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Bangkok Municipal Administration. A Bangkok Comprehensive Plan, updated every five years, is used for development planning and maintenance, and for resource allocation. The Bangkok Comprehensive Plan highlights targets and strategies on air pollution abatement. Efforts focus on the development of mass transit, establishing vehicle emission testing points to identify polluting vehicles, promoting non-motorised transportation like bicycles and the use of alternative fuels such as ethanol or natural gas. Over-extraction of groundwater in Bangkok has aggravated land subsidence. Impacts of this subsidence include changes in the elevation and slope of streams, damage to roads and storm drains, high tides reaching farther inland, floods and tides receding more slowly, soils becoming salty and unproductive and well pipes rising out of the ground. In response to this, policies and regulations concentrating on groundwater extraction have been put in place. Six large-scale wastewater treatment plants have been constructed to protect water quality, and policies on effluent standards have also been implemented. To deal with Bangkok’s waste, the BMA provides separate containers for food waste, recyclable waste and hazardous waste to collect the more than 9,472 tonnes of garbage generated each day. Households are encouraged to sort their waste. Collection and disposal efficiency have been a priority for the BMA. Bangkok Agenda 21 has also paved the way for greater public participation. The BMA organised the Communities Love Canals Project, where representatives from all communities took part in identifying solutions to garbage dumping and wastewater discharge in the canals. The BMA also set up the BMA Environmental Protection Volunteers to help raise environmental awareness, and to develop environmental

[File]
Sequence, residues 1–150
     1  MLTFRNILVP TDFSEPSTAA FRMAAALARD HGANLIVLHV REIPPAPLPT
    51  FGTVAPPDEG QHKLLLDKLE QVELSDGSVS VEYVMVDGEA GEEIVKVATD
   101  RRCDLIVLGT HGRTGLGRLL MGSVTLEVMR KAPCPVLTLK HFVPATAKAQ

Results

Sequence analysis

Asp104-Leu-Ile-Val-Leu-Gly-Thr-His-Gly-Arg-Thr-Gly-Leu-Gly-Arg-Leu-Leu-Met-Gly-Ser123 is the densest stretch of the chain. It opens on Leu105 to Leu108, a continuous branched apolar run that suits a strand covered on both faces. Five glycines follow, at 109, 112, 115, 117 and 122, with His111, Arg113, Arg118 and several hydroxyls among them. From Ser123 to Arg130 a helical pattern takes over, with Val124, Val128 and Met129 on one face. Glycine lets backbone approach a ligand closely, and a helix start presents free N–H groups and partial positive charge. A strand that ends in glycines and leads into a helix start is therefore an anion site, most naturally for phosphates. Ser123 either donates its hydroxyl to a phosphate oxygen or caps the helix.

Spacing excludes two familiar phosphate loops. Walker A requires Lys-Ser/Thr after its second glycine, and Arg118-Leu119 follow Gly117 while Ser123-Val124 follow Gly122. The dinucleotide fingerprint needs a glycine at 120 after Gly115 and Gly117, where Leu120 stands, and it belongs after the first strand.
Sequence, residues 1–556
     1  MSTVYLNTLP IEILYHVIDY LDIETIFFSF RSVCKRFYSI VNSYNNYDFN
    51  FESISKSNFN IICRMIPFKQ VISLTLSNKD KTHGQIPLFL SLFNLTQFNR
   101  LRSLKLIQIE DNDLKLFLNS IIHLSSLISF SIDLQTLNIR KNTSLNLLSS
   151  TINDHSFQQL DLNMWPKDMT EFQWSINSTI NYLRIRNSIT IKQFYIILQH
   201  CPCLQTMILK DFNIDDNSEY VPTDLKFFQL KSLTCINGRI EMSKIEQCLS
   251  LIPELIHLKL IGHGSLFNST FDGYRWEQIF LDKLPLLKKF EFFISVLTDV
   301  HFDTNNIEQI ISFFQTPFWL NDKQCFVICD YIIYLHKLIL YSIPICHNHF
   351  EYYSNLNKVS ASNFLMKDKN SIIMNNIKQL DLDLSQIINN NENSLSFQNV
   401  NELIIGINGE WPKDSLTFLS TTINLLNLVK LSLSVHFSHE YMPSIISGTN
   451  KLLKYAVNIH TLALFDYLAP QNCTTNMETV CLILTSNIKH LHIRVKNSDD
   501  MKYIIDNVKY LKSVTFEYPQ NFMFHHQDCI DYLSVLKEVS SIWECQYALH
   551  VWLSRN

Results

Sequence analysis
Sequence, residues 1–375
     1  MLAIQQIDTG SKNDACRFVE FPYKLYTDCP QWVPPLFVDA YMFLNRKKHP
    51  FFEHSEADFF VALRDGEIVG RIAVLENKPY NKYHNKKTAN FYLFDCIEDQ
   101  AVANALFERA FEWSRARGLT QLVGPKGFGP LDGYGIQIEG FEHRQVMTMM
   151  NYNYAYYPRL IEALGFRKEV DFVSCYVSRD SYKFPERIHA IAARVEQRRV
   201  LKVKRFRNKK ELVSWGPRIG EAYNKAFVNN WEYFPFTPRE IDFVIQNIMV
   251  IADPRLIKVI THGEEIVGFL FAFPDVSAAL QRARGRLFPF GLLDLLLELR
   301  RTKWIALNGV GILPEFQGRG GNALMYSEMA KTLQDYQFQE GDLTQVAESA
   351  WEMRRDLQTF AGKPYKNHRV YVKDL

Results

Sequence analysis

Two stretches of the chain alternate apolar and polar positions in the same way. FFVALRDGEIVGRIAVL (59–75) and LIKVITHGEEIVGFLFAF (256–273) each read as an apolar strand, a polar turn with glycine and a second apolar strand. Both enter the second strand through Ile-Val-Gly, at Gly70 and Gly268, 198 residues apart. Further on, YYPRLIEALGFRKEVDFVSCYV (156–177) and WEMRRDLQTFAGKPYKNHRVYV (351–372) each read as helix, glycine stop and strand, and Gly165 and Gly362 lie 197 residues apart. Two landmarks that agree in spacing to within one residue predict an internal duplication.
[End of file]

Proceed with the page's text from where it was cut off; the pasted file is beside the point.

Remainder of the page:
projects, particularly on air quality management. These volunteers come from schools and communities. In addition, an intensive communications campaign has been carried out in schools and communities, using meetings, printed materials and other media. Factories and other businesses were provided with workshops on cleaner production. The BMA also developed a Green Areas Master Plan which aims to increase green public areas, and through which residents are encouraged to plant trees in their front yards.

© D. Royer/Still Pictures

River boat market women plying their goods in Bangkok.

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Environment Entry Point
As Local Agenda 21 initiatives are focused on economic, social and environmental issues, Bangkok Agenda 21 included environmental considerations from the start.

In addition, the skills of the BMA staff in GIS tools and methodologies has been enhanced. The BMA remains steadfast to its commitment to improve the quality of life in Bangkok.

Replicability Results
Bangkok Agenda 21 has set the city’s course for environmentally, socially and economically sustainable development. The development agenda has provided basic principles for the numerous activities implemented by the BMA. A detailed assessment of the status of the environment and the creation on the Metropolitan Master Catalogue ensured that physical development takes environmental and social concerns into account. Policies and regulation on water quality, waste management, air quality and energy security were put in place to better manage resources. Infrastructure was also improved, for example, storm drains and dikes along roads have been constructed or upgraded to prevent flooding. The Metropolitan Master Catalogue has proved its use as an analytical and planning tool. The Bangkok experience demonstrates that localising Agenda 21 can work even in very large cities. Environmental considerations were built into the urban management structure from the start, and communications was used to involve the public and stimulate community involvement. The case study proves again that public involvement is an important component in highlighting environmental concerns and ensuring sustainable development.

Key Contacts
Mr. Kriengpol Padhanarath Director, International Affairs Division City of Bangkok, City Hall, 173 Dinso Road Bangkok, 10200, Thailand Tel.: +66-20/224-8175, Fax: +66-2-/224-4686 Email: iad@bma.go.th